Mumbai, 16 Feb 2018 9:00 IST
Despite its lovely touches of romance in the digital age, Onir's film lacks the sharpness, and brevity that would have made it memorable.
The internet is currently flooded with confessions of love for Priya Prakash Warrier's cute wink in Oru Adaar Love. This is symbolic of the emotion today. People fall in love, and out of it, in the time it takes to create a meme. In Onir's Kuchh Bheege Alfaaz, love takes the scenic route. It simmers slowly through sweet messages, radio talks, and anonymous chats at a pace that belies the times it is set in. The trouble is that the film, like life, takes too long to come to a boil. Perhaps a little too long.
The story begins, in Kolkata, with Archana (Geetanjali Thapa), a meme creator and hipster rebel artist who seeks to unshackle art from its corporate masters. She works with Apu (Shray Rai Tiwari), her best friend who has a massive crush on her, in creating memes for a startup. She goes on blind Tinder dates with men who are awkward, rude, and sometimes shocked by her leukoderma. Her only solace is the voice of RJ Alfaaz (Zain Khan Durrani), who is a companion to her silences.
RJ Alfaaz himself is a hermit, who works at a radio station, but stays away from anything in the virtual world (don't ask how!). He is running from his own dark past and seeks comfort in poetry.
These two anonymity seekers find each other through a wrong number and begin a cloistered friendship that slowly turns to love. Archie takes Alfaaz's poems and turns them into a viral meme on WhatsAapp, Alfaaz takes Archie's friendship and quietens his own ghosts. But the path to finding each other is not simple, neither is it fast.
Onir garnishes the film with wonderful little touches. It is shot in scenic Kolkata with blue and white pastels and rained out streets with grey skies. However, visual serenity cannot make up for a meandering plot. It sometimes feels as though the film would have done excellently in Bengali. After all, there is a certain languor in the language itself that would have matched the pace of this film.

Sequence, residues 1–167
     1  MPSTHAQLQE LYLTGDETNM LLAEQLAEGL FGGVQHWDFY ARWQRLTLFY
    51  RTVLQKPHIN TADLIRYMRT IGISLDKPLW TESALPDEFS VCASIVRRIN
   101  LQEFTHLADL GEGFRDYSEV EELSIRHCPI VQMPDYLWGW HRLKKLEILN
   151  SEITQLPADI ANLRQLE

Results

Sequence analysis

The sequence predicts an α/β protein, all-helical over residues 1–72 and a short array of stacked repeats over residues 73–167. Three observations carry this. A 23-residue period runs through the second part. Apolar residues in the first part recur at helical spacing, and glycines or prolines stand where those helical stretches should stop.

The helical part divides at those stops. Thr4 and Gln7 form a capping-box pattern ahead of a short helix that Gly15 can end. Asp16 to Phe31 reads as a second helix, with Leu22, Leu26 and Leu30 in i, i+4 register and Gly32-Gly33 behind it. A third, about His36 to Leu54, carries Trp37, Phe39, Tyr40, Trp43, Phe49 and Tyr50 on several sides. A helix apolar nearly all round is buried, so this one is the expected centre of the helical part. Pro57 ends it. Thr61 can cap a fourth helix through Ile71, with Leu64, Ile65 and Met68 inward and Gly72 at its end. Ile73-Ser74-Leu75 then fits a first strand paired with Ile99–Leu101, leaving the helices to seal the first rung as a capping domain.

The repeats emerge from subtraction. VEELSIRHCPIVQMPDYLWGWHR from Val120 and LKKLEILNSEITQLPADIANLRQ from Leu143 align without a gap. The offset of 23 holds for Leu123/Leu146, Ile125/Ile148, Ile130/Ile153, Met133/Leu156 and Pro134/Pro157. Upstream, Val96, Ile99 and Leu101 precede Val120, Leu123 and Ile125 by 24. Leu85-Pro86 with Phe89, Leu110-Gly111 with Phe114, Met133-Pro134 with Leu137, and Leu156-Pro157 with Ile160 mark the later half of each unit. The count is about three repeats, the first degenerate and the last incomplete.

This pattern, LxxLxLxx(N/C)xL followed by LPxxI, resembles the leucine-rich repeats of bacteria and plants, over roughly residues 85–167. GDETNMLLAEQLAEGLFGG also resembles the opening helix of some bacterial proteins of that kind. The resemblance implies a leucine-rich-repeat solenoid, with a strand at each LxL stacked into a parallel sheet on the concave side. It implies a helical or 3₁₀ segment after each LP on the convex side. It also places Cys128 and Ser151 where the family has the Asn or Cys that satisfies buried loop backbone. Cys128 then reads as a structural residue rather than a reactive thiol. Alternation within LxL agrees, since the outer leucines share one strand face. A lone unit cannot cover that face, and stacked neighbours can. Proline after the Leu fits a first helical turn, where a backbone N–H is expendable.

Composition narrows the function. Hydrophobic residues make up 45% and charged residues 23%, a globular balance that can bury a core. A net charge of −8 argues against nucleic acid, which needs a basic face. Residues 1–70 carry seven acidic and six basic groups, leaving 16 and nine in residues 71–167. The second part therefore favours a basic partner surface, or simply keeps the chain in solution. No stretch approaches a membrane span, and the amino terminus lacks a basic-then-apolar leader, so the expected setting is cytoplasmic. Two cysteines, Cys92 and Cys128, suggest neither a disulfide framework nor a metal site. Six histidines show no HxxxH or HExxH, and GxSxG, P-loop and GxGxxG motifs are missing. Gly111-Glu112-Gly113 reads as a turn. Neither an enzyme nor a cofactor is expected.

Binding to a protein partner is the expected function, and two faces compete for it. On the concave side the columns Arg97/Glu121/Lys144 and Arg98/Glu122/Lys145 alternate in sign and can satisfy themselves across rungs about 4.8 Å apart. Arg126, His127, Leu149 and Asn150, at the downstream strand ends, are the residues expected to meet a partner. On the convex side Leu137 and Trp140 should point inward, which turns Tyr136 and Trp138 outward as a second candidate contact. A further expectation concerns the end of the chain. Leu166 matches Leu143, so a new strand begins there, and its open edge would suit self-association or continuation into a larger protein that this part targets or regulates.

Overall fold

A runtime of two hours feels like a stretch for this film. The film has all the pace and schematics of a 1960s romance. For much of the first-half, the film circumambulates around Archie, her job, and obsession with Alfaaz. When the two do begin to interact, the conversations often go on to no purposeful end. The few moments of drama are let to pass without creating an impact. In that, it almost seems lifelike.
Geetanjali Thapa does a good job as the naively romantic Archana, though we would have preferred her to speak in her natural Hinglish lingo more. Zain Khan Durrani uses his voice to good effect as an RJ, but falters in the emotional moments. The two manage to create broken, struggling characters facing the world with endearing optimism.
The scene stealers are the supporting cast of Shray Rai Tiwari and Mona Ambegaonkar. As Apu, Tiwari embodies the heartbreaking confusion of a best friend/partner in crime, unrequited in love. Ambegaonkar does better as the modern, WhatsApp addicted single mom teaching her hipster daughter to connect with the world.
The overuse of Urdu seems artificial at times and affects the dialogues. The cheesy conversations, at times too lengthy, also make it cringeworthy. Archana's startup, aptly named NotSoPunny, approves memes that outdo forwards by uncles in the housing society WhatsApp groups.
Technology is a key protagonist in the film. Whether it is the mode of communication, or the use of memes, or the reason for Archie and her friend's fight. Radios, mobile phones, and memes make up for the loneliness of people. A scene set with the two talking over WhatsApp while sitting in the same bar seems like a metaphor for relationships today.
Cinematic romances offer an escape from the complicated, painful, tetchy nature of real-life love. The hero and heroine meet. They fall in love. They confess. That's it. The audience finds it satisfying to watch romances find consummation.
Onir's romance has a known beginning, and a familiar ending. It is the middle where he creates an endearing world. If only there was a little less conversation, and a little more action.